From the 7th to 11th centuries, Kashmir — a lush valley connected to the Silk Road — was a wealthy center of transcultural trade, culture and religion. Beginning in the 10th century, Buddhists in the Western Himalayas traveled to Kashmir to acquire, preserve and emulate its sophisticated art.
Kashmiri artists also accepted invitations to travel to the Western Himalayas during this period to work with and teach local artists. The distinctive workmanship of the Kashmiri style became integrated into the identity of Tibetan Buddhism in this period and experienced a revival in the Western Himalayas in the 15th and 16th centuries.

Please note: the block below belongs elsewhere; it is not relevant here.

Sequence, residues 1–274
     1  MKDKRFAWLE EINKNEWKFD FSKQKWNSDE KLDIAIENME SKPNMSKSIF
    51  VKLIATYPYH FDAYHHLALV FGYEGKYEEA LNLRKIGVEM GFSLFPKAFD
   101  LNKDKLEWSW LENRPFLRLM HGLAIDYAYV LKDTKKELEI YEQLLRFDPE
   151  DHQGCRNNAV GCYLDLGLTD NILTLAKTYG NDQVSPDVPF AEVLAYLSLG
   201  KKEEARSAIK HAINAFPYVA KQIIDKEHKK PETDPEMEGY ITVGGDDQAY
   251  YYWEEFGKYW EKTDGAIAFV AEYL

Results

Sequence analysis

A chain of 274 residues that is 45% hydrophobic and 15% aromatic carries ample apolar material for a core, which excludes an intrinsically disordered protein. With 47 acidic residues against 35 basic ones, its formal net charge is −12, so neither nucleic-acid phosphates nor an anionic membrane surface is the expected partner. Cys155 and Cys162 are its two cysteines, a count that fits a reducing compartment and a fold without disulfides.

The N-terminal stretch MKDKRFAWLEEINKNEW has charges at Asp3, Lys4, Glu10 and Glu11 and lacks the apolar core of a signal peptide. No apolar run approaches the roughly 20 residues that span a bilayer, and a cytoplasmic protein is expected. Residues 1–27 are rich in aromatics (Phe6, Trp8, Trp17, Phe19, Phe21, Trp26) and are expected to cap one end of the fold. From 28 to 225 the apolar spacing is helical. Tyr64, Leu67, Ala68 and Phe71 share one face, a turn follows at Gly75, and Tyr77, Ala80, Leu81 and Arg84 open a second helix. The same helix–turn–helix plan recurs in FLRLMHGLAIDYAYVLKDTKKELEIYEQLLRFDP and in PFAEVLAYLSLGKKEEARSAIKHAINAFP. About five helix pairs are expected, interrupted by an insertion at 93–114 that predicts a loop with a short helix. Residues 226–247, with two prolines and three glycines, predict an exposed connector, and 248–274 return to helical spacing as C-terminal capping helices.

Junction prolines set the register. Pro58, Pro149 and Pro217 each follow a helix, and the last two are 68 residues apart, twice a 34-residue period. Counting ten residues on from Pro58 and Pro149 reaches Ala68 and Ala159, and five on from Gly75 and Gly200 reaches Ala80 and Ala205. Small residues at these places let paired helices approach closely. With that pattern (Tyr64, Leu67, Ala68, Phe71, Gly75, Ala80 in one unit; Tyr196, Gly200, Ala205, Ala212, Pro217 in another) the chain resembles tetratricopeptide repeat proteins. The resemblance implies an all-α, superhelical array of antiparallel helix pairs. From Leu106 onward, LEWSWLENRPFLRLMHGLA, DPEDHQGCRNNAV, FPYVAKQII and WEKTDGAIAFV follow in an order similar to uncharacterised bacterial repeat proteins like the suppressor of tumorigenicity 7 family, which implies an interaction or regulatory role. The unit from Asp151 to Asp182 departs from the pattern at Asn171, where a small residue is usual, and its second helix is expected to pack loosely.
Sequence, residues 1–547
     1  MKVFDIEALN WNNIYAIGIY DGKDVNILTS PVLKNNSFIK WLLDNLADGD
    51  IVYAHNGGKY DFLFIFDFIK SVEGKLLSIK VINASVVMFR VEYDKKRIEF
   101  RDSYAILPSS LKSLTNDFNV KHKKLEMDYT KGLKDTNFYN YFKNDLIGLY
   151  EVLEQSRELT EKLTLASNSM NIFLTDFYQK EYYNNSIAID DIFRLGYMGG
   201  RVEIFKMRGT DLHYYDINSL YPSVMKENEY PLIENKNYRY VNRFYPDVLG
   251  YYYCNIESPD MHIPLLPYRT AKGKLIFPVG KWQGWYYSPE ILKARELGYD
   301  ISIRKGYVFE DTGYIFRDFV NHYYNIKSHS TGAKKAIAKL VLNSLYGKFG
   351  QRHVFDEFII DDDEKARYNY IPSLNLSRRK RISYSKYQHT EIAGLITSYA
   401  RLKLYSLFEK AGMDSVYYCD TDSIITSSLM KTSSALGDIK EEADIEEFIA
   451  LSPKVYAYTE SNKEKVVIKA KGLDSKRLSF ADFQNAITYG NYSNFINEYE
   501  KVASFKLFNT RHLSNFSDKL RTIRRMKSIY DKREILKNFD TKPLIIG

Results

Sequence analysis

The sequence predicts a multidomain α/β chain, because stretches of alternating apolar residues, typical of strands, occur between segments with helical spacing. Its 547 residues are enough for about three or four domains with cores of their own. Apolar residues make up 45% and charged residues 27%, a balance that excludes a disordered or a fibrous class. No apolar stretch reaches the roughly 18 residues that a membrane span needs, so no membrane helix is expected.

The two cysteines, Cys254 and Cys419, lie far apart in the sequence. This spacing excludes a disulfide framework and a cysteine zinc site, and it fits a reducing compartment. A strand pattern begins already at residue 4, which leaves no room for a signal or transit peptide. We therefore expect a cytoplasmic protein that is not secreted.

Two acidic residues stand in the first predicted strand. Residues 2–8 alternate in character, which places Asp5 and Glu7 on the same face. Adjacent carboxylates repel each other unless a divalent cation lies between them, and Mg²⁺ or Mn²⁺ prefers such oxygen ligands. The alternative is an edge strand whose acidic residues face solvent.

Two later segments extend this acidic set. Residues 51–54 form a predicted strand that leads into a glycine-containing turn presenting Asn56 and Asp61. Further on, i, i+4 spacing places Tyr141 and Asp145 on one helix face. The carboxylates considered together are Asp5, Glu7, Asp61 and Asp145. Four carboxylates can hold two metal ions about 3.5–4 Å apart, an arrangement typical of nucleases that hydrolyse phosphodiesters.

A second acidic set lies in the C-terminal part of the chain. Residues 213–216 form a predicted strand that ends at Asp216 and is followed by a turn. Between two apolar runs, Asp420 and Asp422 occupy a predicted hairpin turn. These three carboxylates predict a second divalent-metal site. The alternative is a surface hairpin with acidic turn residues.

Centuries later, beginning in the 1900s, artworks from Kashmir and the Western Himalayas became prized acquisitions for collections in the U.S. and Europe. Western explorers, scholars and travelers removed these works — often surreptitiously — from their places of origin.
Today many of these works reside in public and private collections. Collecting Paradise features Buddhist objects, including manuscripts, paintings, and sculptures in ivory, metal and wood, dating from the 7th to 17th centuries.
With 44 objects, the exhibition presents an original and innovative look at art from the region of Kashmir and the Western Himalayas, as well as how it has been collected over time.